The more media interviews I hear, the more certain phrases really grate. Those who utter them need to take note, because in broadcast interviews they can produce two disastrous audience responses: listeners or viewers switch off, or worse, switch over.
Here are my top five phrases to avoid:
- “Going forward.…”. Bizarrely, this is increasingly common – bizarre because it adds nothing to an interview, but instead uses up valuable time. Leave it out – the future tense will suffice. e.g. instead of saying, “Going forward, we will introduce two products..” just say, “We will introduce two products…”
- “I think…”. This invariably strikes a note of uncertainty when that’s rarely what the interviewee intends: “I think we’re easily the market leader…”; “I think we’ve handled this crisis in a professional manner” etc.. Remove it and the statements sound far more certain.
- “So, what we did….So, when we…So, after we…”. Beginning responses with the word “So” seems particularly beloved of marketing people and scientists. In normal life, no-one begins a reply to questions such as, “Why did you choose that from the menu?/ What made you oversleep…?/ How have you got ketchup on your tie…?” with “So,…”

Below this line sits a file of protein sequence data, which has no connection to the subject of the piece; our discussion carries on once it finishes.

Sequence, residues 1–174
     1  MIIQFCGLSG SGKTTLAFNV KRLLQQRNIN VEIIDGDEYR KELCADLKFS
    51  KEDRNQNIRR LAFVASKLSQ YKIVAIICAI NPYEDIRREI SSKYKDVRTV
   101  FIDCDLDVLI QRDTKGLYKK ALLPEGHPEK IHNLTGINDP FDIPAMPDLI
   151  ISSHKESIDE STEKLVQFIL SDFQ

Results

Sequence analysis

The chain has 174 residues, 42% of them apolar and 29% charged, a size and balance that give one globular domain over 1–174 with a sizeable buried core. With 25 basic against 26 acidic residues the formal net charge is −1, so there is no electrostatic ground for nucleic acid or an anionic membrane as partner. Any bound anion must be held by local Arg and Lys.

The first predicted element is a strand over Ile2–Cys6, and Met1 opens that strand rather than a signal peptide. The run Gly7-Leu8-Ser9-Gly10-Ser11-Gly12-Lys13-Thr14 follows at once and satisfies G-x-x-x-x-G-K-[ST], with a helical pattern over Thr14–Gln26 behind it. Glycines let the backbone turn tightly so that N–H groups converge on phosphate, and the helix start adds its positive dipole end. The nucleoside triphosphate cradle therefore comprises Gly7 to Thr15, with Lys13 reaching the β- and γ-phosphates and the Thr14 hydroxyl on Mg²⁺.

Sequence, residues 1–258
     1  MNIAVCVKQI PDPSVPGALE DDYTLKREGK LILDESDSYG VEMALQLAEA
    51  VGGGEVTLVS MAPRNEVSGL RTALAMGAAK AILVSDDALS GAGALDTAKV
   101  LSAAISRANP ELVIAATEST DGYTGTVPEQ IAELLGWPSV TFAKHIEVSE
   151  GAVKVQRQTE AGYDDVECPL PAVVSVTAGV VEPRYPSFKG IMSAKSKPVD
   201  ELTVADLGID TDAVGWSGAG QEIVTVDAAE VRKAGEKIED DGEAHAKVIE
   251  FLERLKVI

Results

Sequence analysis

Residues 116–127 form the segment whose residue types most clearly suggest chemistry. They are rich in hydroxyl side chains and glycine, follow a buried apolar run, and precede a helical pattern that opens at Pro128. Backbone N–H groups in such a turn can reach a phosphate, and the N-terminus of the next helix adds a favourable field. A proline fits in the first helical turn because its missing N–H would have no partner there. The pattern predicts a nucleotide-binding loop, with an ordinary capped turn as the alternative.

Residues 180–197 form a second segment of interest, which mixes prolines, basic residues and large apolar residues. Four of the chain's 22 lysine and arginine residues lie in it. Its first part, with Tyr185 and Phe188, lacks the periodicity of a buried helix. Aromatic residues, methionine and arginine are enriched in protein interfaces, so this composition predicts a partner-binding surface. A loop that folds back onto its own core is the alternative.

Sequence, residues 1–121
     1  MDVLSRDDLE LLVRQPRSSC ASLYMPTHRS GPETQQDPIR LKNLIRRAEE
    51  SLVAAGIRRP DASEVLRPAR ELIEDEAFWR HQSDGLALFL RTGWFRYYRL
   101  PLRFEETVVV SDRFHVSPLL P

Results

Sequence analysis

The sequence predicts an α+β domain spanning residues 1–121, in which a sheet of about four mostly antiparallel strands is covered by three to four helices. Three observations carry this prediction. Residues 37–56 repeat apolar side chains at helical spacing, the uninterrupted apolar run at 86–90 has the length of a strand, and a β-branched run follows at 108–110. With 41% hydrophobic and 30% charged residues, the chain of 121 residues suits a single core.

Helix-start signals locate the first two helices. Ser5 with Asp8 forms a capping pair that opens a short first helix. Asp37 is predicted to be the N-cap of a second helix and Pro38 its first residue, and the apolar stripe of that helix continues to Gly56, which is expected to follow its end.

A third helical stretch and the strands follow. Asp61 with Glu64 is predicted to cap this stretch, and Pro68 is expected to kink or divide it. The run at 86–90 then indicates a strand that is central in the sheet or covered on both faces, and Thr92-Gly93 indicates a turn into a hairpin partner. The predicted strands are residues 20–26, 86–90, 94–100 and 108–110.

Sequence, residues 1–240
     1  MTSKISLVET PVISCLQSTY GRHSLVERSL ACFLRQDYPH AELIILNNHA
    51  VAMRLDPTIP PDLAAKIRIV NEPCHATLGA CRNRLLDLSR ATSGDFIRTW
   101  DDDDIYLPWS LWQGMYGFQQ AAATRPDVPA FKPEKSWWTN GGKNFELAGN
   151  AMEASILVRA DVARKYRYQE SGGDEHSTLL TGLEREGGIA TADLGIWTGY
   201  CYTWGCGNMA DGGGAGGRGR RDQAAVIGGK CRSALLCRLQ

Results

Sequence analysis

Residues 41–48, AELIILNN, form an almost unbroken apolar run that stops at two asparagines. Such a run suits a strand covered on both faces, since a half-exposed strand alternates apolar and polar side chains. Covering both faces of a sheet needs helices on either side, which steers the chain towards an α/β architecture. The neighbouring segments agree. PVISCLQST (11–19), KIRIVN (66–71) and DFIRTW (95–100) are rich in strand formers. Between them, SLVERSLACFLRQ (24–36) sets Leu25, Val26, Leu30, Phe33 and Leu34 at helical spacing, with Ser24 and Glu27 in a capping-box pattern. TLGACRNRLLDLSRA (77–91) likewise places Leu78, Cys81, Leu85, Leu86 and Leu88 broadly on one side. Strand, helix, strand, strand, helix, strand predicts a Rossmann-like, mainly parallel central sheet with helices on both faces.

- [Repeating the question]. When you might have only a few minutes to convey your messages, don’t waste time repeating the question e.g. “What makes you think this new car will be a big seller?”, “We think [groan] it will be a big seller because….”; just get straight to the main advantages of the product. The one exception is the “soundbite” which forms part of a “package”, because the journalist’s question could be cut out. This means your response will probably need to include the question, so the whole report flows and makes sense.
- “I think the question you should be asking is…”. I doubt anything angers a journalist more than hearing this response to his/her question. It sounds both insulting and like a classic dodge. It usually just encourages the journalist to ask the question again, which often means repeating a damaging negative. If you really think the reporter has got the wrong angle, it’s far better to say, “There is another side to this…” or “That’s absolutely not how I see it because…”.
So, going forward, I think, to answer my own question, “How do you communicate more effectively?”…Mmmm…see how annoying that sounds?